FCC Chairman Tom Wheeler on Thursday accused both AT&T and Verizon Wireless of violating net neutrality rules with regard to the paid data cap exemptions that both companies offer through video streaming services DirecTV and Go90, respectively.
As you may know, AT&T and Verizon wireless customers can stream video from their respective video services over a cellular connection without it counting towards their monthly allotment of data whereas streaming video from, say, YouTube, would deduct from monthly data bucks.
This practice, also called zero-rating, gives companies like AT&T and Verizon an unfair advantage versus the competition, the FCC stays. T-Mobile, which offers a similar zero-rating program to its customers, isn’t deemed a threat because it allows third-parties to participate free of charge.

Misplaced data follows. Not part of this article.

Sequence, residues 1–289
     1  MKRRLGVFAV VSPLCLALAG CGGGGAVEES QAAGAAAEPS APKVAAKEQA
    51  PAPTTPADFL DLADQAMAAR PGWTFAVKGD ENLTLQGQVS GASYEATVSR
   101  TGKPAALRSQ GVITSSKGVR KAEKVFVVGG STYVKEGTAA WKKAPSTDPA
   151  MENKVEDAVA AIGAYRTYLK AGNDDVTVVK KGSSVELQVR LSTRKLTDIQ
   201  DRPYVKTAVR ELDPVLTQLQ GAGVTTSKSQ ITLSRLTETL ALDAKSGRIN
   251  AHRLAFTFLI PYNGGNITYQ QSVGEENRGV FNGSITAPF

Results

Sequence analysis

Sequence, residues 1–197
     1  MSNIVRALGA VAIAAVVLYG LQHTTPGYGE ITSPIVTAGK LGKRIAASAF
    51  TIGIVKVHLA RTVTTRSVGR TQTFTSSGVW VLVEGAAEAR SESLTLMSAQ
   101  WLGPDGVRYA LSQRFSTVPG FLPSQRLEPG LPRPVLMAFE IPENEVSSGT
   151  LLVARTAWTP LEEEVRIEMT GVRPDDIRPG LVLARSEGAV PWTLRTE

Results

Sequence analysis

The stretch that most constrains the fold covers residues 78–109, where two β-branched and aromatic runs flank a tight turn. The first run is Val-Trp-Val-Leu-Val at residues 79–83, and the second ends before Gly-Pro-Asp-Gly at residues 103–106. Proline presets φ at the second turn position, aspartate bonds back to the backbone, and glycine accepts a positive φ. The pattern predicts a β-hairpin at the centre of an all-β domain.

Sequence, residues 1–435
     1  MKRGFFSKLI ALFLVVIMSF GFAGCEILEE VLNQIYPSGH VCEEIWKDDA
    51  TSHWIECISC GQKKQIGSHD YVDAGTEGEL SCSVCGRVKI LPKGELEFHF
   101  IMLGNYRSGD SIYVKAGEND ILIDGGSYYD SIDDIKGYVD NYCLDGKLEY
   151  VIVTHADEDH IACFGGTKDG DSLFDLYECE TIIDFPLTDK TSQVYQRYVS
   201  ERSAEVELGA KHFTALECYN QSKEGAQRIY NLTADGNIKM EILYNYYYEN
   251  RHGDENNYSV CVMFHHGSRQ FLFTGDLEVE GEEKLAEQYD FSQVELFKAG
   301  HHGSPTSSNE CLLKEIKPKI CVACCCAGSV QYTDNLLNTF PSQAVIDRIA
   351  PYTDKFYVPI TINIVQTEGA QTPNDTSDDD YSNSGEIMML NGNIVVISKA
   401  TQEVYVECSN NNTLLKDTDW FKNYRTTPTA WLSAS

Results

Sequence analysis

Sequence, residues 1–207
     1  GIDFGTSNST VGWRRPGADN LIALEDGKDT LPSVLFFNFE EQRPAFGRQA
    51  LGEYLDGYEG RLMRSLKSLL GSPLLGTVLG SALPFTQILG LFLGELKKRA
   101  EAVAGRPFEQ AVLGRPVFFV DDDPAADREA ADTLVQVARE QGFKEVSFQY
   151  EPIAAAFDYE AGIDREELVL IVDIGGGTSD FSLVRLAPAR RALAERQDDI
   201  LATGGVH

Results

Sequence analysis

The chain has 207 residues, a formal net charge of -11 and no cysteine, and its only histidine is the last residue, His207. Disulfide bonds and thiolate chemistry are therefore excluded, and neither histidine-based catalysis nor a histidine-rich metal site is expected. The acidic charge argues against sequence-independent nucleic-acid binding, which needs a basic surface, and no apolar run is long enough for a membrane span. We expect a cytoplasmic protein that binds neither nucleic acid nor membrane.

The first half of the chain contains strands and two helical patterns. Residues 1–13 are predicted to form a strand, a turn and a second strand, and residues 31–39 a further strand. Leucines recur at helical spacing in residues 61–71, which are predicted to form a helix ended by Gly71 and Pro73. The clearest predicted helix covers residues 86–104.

While the move proves that Wheeler is committed to sticking up for what he believes in until the very end, it’s largely a waste of time.
Wheeler revealed late last year that he would soon be stepping down from his post as chairman of the FCC after more than three years at the helm. Come January 20, 2017, Wheeler will resign from the agency, the same day that Donald Trump is to be sworn in as the 45th president of the United States.
With Republicans soon taking over control of the FCC, anything that Wheeler and fellow Democratic commissioners start work on now will simply be shoveled out the back door in the near future.